When you retire early, you suddenly get to subtract a whole lot of annoying stuff from your life: your commute, conference calls, year-end reviews, whatever annoying paperwork your particular job entailed, ever visiting the dry cleaner again, the need to be connected at all times, and on and on.
But in addition to that, you also have more time and mental energy that you can put toward removing other pain points from your life. You can plan off-peak travel so you’re dealing with fewer crowds and the annoyances that accompany them. You can study when the grocery store is the least crowded and do your shopping then. If there are little things that bug you in daily life, you can figure out how to fix them. You can optimize every line item and tweak every knob, if you’re into that sort of thing.
Related post: The Downsides of Off-Peak Travel
All of those things undoubtedly sound good, and to a point, they are. We did not evolve to sit in traffic, check email at all hours and take criminally little free time away from work to recharge. Removing some of those unhealthy things is 100 percent good for us.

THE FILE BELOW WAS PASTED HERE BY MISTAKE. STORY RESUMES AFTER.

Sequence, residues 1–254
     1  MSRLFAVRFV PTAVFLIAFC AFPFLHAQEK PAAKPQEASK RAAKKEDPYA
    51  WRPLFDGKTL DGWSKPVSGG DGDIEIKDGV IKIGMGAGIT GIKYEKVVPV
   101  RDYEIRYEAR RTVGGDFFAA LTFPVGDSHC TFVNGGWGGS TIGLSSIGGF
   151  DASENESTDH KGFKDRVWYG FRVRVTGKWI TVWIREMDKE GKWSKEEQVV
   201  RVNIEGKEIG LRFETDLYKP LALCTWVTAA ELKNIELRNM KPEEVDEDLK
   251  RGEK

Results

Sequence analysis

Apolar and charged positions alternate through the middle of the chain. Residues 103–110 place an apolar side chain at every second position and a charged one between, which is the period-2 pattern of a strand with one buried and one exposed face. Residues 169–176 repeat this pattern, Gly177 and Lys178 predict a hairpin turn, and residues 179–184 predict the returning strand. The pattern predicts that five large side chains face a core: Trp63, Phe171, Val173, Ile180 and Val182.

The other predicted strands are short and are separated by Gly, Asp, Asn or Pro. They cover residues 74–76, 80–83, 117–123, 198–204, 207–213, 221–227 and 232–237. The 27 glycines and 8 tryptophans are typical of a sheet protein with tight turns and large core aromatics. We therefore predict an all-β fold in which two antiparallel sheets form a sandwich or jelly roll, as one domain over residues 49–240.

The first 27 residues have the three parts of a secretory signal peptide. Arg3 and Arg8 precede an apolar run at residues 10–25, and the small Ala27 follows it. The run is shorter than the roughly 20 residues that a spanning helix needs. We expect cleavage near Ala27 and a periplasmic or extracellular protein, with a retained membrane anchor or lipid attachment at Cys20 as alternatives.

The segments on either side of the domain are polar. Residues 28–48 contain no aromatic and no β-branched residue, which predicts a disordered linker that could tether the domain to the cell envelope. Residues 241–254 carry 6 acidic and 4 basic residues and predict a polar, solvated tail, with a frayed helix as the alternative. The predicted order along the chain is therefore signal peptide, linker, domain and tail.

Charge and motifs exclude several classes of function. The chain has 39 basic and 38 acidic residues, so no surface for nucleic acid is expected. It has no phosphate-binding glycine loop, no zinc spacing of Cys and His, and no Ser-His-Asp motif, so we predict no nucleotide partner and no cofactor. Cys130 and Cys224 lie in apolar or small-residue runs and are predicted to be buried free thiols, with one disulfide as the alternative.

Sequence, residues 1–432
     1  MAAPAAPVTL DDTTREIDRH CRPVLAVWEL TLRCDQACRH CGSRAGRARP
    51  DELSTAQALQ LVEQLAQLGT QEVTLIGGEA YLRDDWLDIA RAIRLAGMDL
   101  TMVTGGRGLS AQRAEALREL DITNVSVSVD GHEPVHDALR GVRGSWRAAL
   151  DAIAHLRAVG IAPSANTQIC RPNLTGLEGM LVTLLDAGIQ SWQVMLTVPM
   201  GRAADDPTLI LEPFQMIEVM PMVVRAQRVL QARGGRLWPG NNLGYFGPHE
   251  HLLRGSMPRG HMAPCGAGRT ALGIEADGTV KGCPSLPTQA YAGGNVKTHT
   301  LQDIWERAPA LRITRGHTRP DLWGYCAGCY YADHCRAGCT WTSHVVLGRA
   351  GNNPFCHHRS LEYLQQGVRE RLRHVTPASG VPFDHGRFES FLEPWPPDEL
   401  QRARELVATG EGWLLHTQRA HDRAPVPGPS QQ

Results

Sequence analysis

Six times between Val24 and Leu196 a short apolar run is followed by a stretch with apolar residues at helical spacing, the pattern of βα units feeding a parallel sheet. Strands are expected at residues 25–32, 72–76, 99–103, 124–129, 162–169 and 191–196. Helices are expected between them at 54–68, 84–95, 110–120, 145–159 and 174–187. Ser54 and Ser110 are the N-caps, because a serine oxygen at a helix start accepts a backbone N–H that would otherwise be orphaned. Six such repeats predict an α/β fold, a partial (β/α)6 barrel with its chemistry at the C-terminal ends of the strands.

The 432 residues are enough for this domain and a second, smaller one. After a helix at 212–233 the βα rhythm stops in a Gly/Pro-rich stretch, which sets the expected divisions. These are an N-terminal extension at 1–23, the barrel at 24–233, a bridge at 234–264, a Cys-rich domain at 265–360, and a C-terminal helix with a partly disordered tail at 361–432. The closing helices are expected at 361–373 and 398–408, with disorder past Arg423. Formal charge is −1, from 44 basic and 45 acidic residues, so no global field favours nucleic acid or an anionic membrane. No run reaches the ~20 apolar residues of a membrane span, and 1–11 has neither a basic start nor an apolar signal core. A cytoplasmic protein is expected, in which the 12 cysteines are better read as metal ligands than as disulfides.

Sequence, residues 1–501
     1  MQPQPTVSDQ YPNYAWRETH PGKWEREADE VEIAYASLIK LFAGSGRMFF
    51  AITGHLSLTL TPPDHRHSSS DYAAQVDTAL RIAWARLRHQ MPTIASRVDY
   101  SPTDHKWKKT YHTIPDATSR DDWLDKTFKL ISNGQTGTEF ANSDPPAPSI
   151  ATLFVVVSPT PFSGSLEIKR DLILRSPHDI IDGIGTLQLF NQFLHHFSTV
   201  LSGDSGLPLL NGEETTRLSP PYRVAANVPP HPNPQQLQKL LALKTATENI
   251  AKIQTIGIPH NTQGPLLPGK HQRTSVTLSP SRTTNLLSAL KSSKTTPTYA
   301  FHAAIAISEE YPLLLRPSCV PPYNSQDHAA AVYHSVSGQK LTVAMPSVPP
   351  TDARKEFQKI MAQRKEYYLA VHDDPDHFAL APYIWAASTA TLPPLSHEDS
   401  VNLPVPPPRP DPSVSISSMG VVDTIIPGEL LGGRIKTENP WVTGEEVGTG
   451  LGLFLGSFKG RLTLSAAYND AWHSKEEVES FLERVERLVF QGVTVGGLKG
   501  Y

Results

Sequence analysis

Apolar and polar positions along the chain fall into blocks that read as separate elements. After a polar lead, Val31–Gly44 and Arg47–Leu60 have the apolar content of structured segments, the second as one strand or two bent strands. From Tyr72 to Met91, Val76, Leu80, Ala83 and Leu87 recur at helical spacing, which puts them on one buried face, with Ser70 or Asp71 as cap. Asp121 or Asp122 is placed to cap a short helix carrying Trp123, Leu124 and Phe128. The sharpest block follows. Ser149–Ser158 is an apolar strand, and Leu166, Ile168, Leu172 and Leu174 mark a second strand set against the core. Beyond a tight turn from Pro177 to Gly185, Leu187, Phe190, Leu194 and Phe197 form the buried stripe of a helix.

But the key words there are some and to a point.
Removing too many pain points from our lives risks actually doing ourselves harm in a different way: a life with no pain points makes us soft. And is that what you want for your early retirement, to go through it as a person who’s growing less and less resilient, who is so used to everything being easy that you become intolerant of dealing with challenges? Because that’s what we’re talking about.
I’ve noticed an interesting (to me) trend in the last few years: whether it’s on Twitter or in real life, I’ve heard some early retirees talk more about the indignities of various forms of travel. Of course, complaining about travel is the Official American Pastime these days, particularly complaining about air travel, but in several instances, I’ve witnessed certain retired people whose lives have become extremely easy and minimally stressful these days complaining at length about basic things like, “My flight was delayed and I missed my connection and got in later in the day than I planned and now I’m NEVER FLYLING THAT AIRLINE AGAIN!”